Vegetables You Can Plant In Your Garden During July

Source: LearningYourGreens
July 25, 2016

John from goes on a field trip to Vilardi Gardens in Phoenix, Arizona to share with you some of the vegetables you can still plant in the heat of the July summer.

In this episode, John will give you a tour of this Wholesale nursery that grows plants for retailers in the Phoenix, Arizona area. You will discover some of the most heat tolerant vegetables that you can still plant and grow during the hot summer if you haven’t yet started a garden or still have places in your garden to plant vegetables.

John will cover a variety of his favorite heat-loving plants that thrive in the hot 100+ degree weather in Phoenix, Las Vegas or whatever desert you live.

You will discover many common and uncommon varieties of vegetables you should focus on if you grow in the desert or other places where summers are HOT!

John will share with you many uncommon perennial vegetables that thrive in the heat that he loves to grow.

After watching this episode, you will have the information you need to get planting and start (or add to) your July vegetable garden.

ps. YES, I did purchase and plant all 2 1/2 flats of vegetables in my garden except for the 2 caper plants that are awaiting a home. They were protected under 30% shade cloth for a few weeks to harden them off to ensure their success.

12 Fruit Trees that Thrive in the Desert with Little Care

Source: GrowingYourGreens
July 22, 2016

John from takes you on a field trip to Phoenix, Arizona to the home of Jake Mace where you will learn the top 12 fruit trees that can thrive in the desert with little care.

In this episode, you will discover the garden of eating that Jake Mace has created at his standard residential tract home in Phoenix, Arizona. You will get a tour of his edible food forest garden and learn about the 12 most important desert adapted fruit trees you can grow.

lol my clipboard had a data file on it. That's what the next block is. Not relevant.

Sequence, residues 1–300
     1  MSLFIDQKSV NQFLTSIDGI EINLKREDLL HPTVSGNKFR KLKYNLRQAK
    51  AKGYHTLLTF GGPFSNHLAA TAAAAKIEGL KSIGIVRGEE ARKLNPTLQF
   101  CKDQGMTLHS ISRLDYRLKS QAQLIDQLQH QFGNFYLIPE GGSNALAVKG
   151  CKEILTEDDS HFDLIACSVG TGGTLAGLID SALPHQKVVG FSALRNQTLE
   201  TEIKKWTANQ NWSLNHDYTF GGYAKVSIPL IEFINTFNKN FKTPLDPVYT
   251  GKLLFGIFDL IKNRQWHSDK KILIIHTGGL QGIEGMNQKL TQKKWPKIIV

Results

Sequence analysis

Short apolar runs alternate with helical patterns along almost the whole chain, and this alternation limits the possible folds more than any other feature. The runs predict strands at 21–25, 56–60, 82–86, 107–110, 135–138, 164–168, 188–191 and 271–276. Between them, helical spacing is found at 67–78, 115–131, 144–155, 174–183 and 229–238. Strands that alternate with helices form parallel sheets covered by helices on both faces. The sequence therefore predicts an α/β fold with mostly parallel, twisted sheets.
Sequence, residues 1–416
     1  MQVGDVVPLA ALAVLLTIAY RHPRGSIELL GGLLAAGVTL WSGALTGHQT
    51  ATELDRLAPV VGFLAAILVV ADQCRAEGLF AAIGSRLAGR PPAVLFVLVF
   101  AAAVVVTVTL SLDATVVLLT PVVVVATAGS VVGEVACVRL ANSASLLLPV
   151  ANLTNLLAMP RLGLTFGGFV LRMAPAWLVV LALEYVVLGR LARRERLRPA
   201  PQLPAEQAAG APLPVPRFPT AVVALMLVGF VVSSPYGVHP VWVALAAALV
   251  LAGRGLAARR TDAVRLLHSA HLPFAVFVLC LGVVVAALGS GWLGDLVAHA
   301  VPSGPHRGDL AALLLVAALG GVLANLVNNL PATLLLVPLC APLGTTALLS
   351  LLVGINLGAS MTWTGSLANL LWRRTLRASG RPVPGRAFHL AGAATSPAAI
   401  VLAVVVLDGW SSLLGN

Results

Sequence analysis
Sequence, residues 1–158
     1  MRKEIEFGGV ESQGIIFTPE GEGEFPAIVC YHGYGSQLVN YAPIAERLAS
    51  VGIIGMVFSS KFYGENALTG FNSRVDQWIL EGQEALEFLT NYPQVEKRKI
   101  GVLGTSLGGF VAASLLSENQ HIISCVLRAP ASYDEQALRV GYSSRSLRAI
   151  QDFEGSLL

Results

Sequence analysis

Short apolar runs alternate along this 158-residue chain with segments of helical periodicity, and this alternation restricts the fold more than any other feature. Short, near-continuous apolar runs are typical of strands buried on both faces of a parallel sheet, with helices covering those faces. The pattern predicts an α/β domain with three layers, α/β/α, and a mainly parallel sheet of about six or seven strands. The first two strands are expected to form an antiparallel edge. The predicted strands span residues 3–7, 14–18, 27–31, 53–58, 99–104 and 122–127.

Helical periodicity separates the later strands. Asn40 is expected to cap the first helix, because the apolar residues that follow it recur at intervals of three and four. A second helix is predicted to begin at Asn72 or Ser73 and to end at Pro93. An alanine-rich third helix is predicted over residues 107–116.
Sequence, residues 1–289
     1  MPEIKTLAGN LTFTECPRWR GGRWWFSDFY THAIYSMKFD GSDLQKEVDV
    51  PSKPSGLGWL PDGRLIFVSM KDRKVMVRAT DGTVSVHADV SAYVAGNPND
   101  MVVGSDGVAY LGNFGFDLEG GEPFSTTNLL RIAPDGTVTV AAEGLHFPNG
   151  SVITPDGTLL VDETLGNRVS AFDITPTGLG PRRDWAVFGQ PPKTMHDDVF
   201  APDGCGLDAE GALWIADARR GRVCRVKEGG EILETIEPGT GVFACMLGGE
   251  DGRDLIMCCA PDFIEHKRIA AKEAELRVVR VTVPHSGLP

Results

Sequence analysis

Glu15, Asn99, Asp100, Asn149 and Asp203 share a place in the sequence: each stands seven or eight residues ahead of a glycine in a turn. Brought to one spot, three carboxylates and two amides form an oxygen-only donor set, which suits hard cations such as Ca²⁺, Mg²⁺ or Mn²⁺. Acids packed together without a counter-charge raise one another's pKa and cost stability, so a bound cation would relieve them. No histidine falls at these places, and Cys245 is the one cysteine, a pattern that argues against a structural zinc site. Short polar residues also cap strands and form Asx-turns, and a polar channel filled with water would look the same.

Besides some of the most desert acclimated fruit trees, you will learn about some of the more tropical fruits that Jake is growing in the form of “extra credit”.

You will also discover a few of the most important practices you must do to ensure your success growing fruit trees in the desert or other hot, dry, arid climate zone.

Finally at the end of this episode, John will interview Jake about some of these desert adapted fruit trees as well as talk about some good vegetables to grow in the heat. You will also learn about water and water conservation and how you can save more water growing your own food and eating lower on the food chain.

After watching this episode, you will have a better understanding of the best fruit trees to grow in the desert and how to make changes in your life to leave a lesser foot print on the planet.

#GoodNewsNextWeek: West Virginia Comes Together After Historic Floods

James Evan Pilato
June 28, 2016

This week on #GoodNewsNextWeek: Stop the presses! Going outside is good for your mind and body; West Virginia gets outpouring of support after deadly floods; and we’re lovin’ it as McDonald’s closing 500 more locations. Notes/Links:

Long Visits To Nature Linked to Improved Mental Health

Death Toll Lowered To 23 After Deadly #WestVirginia Floods

Fayette County Sheriff’s Department: “If the residents of this area catch you first, you may not make it to jail.”

Not Lovin’ It: McDonald’s To Close Over 500 Restaurants Worldwide To Stay Afloat

Activists Rescue 1,000 Dogs From China’s Controversial Dog Meat Festival

Outdoor Library Season Begins In Slovenia

Peace Breaking Out? Colombia Agrees To Peace With FARC, Ending 50 Years Of War

Brisbane’s Orange Sky Laundry Still Helping Homeless

Real Brexit “Catastrophe”: World’s 400 Richest Lose $127 Billion

Phoenix Seniors Find Healing With The Power Of Music

Running Releases Proteins That Help Boost Brain’s Ability To Remember

Supreme Court Rules Warrantless Forced Blood Draws for DUI Unconstitutional

“Pinot Meow” Wine Made With Catnip Lets You Get Drunk With Your Cat

Lawfully-Armed Portland Woman Shoots, Kills Home Intruder

Oregon Cowboy Lassos Would-Be Thief In Wal-Mart Parking Lot